Al Alwi Argument Preview

By Larkin Reynolds
Tuesday, November 2, 2010, 3:12 PM

(with Benjamin Wittes) On Thursday, D.C. Circuit Judges David Tatel, Merrick Garland, and Stephen Williams will hear oral arguments in Al Alwi v. Obama. The argument will proceed in open session, followed by a closed session if necessary. Ramzi Kassem will argue for the petitioner, and Sarang Damle will argue for the government. The case is an appeal from a decision by U.S. District Judge Richard Leon denying Moath Hamza Al Alwi’s habeas corpus petition. Al Alwi was one of the first merits decisions to follow the Supreme Court’s decision in Boumediene. Judge Leon denied the petition on December 30, 2008--just six months after the Supreme Court ruled. The speed of the Al Alwi merits opinion highlights a feature of Judge Leon’s approach to his habeas cases that sets him apart from his colleagues on the D.C. District Court. Several of Judge Leon’s cases proceeded to disposition much more quickly than did his colleagues’ cases; in fact, Judge Leon decided all of the first five merits cases that came down after Boumediene. On the one hand, this pace shows that Judge Leon took to heart the Supreme Court’s admonition in Boumediene that "the costs of delay can no longer be borne by those who are held in custody." On the other hand, however, his tempo has led to issues on appeal that his colleagues probably will not face. As a general matter, his written opinions tend to deal with the evidence in a more summary and less detailed fashion than do those of his colleagues, and the speed with which he handled Al Alwi is now being challenged as being prejudicially hasty.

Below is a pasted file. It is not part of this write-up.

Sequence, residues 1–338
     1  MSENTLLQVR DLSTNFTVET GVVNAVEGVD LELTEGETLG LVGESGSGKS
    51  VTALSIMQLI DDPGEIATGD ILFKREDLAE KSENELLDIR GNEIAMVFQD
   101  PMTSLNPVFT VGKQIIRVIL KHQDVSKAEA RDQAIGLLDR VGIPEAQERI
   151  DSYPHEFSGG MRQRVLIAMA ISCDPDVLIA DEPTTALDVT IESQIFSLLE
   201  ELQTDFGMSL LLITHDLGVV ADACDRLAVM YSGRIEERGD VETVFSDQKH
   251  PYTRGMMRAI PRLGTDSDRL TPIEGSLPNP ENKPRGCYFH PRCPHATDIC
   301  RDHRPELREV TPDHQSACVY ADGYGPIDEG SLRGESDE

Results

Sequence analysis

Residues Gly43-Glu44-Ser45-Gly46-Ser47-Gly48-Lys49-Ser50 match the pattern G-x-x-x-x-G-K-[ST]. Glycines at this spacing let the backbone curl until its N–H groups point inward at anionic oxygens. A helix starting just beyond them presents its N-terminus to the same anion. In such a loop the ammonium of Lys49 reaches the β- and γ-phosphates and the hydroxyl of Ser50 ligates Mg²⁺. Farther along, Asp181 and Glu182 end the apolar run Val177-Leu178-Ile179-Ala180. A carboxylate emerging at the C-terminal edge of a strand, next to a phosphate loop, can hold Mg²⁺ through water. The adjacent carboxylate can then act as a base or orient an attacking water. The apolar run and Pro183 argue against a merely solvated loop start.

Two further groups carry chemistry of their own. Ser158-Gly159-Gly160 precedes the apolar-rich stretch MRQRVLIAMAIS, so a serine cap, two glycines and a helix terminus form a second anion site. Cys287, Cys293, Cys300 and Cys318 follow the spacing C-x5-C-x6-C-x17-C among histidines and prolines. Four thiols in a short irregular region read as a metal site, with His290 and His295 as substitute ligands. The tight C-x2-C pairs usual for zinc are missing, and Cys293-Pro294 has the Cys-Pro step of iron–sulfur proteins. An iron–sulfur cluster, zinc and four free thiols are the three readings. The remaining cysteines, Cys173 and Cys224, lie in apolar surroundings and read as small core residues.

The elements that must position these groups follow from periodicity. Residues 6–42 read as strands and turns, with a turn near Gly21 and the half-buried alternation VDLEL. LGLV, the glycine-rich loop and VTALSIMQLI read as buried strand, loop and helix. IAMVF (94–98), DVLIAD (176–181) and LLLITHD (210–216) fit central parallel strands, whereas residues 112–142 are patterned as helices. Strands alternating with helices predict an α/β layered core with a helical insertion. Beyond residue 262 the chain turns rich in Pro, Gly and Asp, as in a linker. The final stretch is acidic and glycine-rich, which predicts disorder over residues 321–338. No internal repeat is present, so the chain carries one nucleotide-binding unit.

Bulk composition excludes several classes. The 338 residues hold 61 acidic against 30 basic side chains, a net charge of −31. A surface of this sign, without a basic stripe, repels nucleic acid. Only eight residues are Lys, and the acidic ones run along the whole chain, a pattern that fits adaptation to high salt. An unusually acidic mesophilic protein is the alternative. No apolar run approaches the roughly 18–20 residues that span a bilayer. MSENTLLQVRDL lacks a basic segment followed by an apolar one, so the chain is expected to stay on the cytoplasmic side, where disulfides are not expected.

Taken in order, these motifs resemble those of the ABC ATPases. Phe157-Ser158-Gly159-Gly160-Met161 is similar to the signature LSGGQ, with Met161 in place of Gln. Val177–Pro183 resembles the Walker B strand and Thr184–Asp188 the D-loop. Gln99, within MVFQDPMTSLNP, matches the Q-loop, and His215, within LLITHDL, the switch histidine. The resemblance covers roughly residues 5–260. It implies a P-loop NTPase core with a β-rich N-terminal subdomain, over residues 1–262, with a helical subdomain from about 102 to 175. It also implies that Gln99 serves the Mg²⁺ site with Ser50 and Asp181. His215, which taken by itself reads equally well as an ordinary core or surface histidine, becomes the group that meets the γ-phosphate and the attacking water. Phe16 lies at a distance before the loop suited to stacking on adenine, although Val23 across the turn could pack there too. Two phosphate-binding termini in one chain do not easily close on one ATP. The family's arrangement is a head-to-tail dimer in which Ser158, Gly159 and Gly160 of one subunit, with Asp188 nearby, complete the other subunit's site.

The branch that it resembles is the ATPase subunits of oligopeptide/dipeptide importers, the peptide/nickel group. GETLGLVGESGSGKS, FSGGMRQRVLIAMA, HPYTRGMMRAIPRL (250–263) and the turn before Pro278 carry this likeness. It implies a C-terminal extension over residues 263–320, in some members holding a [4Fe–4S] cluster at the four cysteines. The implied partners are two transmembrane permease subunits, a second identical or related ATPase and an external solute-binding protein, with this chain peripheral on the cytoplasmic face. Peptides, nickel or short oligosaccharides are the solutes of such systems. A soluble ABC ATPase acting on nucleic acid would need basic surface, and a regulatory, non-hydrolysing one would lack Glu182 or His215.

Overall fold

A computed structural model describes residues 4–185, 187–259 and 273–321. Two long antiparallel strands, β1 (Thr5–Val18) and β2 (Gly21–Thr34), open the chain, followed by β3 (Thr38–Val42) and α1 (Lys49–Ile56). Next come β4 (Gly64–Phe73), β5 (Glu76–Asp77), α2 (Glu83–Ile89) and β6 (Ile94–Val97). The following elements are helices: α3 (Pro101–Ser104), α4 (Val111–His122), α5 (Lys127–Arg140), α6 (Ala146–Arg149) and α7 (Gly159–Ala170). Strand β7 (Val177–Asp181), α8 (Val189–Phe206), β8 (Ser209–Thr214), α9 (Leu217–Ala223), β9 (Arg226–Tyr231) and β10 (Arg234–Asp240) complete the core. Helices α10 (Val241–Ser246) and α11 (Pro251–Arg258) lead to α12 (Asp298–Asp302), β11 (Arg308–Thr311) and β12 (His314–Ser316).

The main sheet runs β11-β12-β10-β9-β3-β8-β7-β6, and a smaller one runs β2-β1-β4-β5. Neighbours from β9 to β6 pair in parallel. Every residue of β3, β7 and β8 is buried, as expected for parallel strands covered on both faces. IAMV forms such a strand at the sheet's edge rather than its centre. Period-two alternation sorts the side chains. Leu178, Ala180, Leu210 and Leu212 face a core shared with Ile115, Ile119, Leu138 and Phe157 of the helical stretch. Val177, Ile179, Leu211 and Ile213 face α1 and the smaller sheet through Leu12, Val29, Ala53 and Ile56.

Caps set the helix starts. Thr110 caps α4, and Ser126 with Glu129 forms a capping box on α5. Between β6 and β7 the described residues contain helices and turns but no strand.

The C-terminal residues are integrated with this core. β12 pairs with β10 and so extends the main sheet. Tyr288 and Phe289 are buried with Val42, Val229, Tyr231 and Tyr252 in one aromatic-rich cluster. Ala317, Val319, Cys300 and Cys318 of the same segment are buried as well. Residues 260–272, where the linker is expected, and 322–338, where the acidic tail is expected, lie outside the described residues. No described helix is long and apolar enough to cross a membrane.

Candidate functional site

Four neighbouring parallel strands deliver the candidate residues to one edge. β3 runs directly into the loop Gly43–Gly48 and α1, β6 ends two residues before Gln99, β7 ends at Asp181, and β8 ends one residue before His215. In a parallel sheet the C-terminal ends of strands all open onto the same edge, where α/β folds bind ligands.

In Judge Leon’s unclassified opinion, he wrote that the government’s evidence proved that the petitioner was “lawfully detained as an enemy combatant because it is more probable than not that he was ‘part of or supporting Taliban or al Qaeda forces’ both prior to and after the initiation of U.S. hostilities in October 2001.” In the more detailed opinion (formerly classified, now released with redactions), however, Judge Leon described his conclusions more fully. First, he found that the petitioner had stayed at guesthouses that had “strong connections” to Al Qaeda and that the petitioner, “at a minimum, was ‘supporting’ the Taliban” on two combat fronts. He also wrote that Al Alwi’s involvement with the Omar Sayef Group, a fighting force the petitioner admitted was associated with the Taliban, amounted to “participating” in the unit and that he was “subject to the orders of the unit’s leaders.” Finally, Judge Leon found that Al Alwi had received military training at a camp associated with the Taliban, and that he was “with and was supporting Taliban forces” after September 11th. On appeal, Al Alwi argues that Judge Leon’s decision suffers from three principal defects: First, Al Alwi claims that Judge Leon’s scheduling and discovery orders denied him a “meaningful opportunity” to challenge his detention. Basic logistical constraints inherent in the Guantánamo habeas litigation, he claims, “tied” the hands of his lawyers, but the district court also wrongfully denied his request for a continuance. This, he argues, further restrained his lawyers’ ability to prepare his case or develop a trusting attorney-client relationship. He contends that Judge Leon’s denial of a continuance was “arbitrary and capricious,” and that he “hurtl[ed] toward a hearing without due regard for Mr. al-Alwi's constitutional right that the hearing be meaningful.” The government responds that Al Alwi was not actually prejudiced by these orders, in large part because he had more than 15 months to prepare a defense after gaining access to the unclassified CSRT record in August 2007. The government, citing to the Boumediene language discussed above, also points out that the petitioner himself actually opposed the government’s request for an extension of time to file its return, and that this opposition undercuts his challenge to the district court’s denial of his own requests for additional time. In reply to this argument, the petitioner draws a distinction between the two requests, noting that responding to the government’s “massive” return required additional, and that he could not have foreseen this need when he opposed the government’s motion weeks before. In the same vein, Al Alwi challenges the district court’s rulings regarding 1) his discovery requests and 2) the government’s disclosure of exculpatory evidence.  He argues that several of Judge Leon’s rulings were “flatly inconsistent” with orders in other Guantanamo cases—and that his requests should have been granted. The government responds that the rulings Judge Leon made were within the bounds of the case management order (“CMO”) in the case, and that the order itself contained standards identical to those the D.C. Circuit upheld in Bensayah. Next Al Alwi challenges the district court’s ruling regarding the government’s disclosure of exculpatory evidence. Under the CMO, the government had a standalone obligation to disclose “any evidence contained in the review in developing the return for the petitioner…that tends materially to undermine the Government’s theory.” Yet, after the government’s initial disclosures, Al Alwi’s counsel obtained through independent means two documents undermining the credibility of a government witness. The government had not turned over the documents in its own production. The petitioner argued at a discovery hearing that this revealed a violation of the CMO and requested additional searches and disclosures; Judge Leon, however, disagreed. Al Alwi thus urges the D.C. Circuit remand on the issue, seeking clarity on what exactly the government did review prior to its production. On this question, the government reiterates its position as presented at the district court—that the additional documents fell outside of the CMO’s requirements because they were found in the course of reviewing a different petitioner’s files in a different habeas case. The government also highlights the district court’s finding that, regardless, the government's initial production of documents gave Al Alwi substantively the same information as the later-discovered documents, and that the district court's conclusions in any event did not rely on evidence undermined by those documents. Al Alwi’s second major argument concerns the scope of the government’s authority to detain individuals who were “part of” or “supporting” Al Qaeda or the Taliban. In particular, he contends that the government’s decision to replace the Bush-era “support” standard with the Obama administration’s mildly more stringent “substantial support” standard—after Judge Leon had already decided Al Alwi's case using to the lower standard—requires the D.C. Circuit to remand the matter for findings under the new standard. The government counters with the D.C. Circuit’s opinion in Al Bihani, arguing that a remand is unnecessary because, as in Al Bihani, the facts as found by the district court show that the petitioner “had a clear role as part of Taliban and al-Qaida fighting forces.” Al Alwi further argues that the government lacks authority to detain individuals who are not “supporting” or “part of” a group associated with the Taliban or Al Qaeda at the time of the habeas hearing. The petitioner argues this in two steps: First, he attempts to lay out a slightly different standard applicable to “associated forces”—that, in contrast to relationships with Al Qaeda or the Taliban directly, relationships with “associated forces” must be shown to exist “at the time of the [habeas] hearing.” Next he argues that, because the district court made no finding that the associated force, the Omar Sayef Group (“OSG”), was engaged in hostilities at the time of the hearing, the government had failed to meet its burden. The government rejects this argument, contending that it flows from the “flawed premise that OSG is somehow distinct from al-Qaeda or the Taliban”—a premise it contends is unsupported by facts on record. Al Alwi’s third main argument concerns the district court's handling of evidence. First, Al Alwi argues that the district court erred in basing its findings on the petitioner's uncorroborated out-of-court admissions, and he urges the court to adopt a per se rule prohibiting the use of such statements. He makes this argument by referencing the analogous per se rule used in criminal cases, contending that the same rule should apply in his habeas challenge.  The government responds that no such rule is appropriate here, and that that it was, in any event, essentially satisfied because the record contains ample corroboration of Al Alwi's statements. Al Alwi also argues that the district court erroneously accepted as reliable the petitioner’s internally inconsistent prior statements. To this contention, the government responds that the petitioner’s counsel actually conceded or failed to contest many of these statements at the hearing, and that the district court acted within its discretion in crediting some but not others of them. The government has the same response to the petitioner’s contention that the district court erroneously failed to discredit statements that Al Alwi argues were due to “harsh” treatment.  Judge Leon's discretion on both types of statements, the government argues, is reviewable only for clear error. Here are the petitioner’s merits brief, the government’s brief, and the petitioner's reply brief.  For those interested, the more detailed district court opinion is available in redacted form as part of the parties' public Joint Appendix filed on October 25th.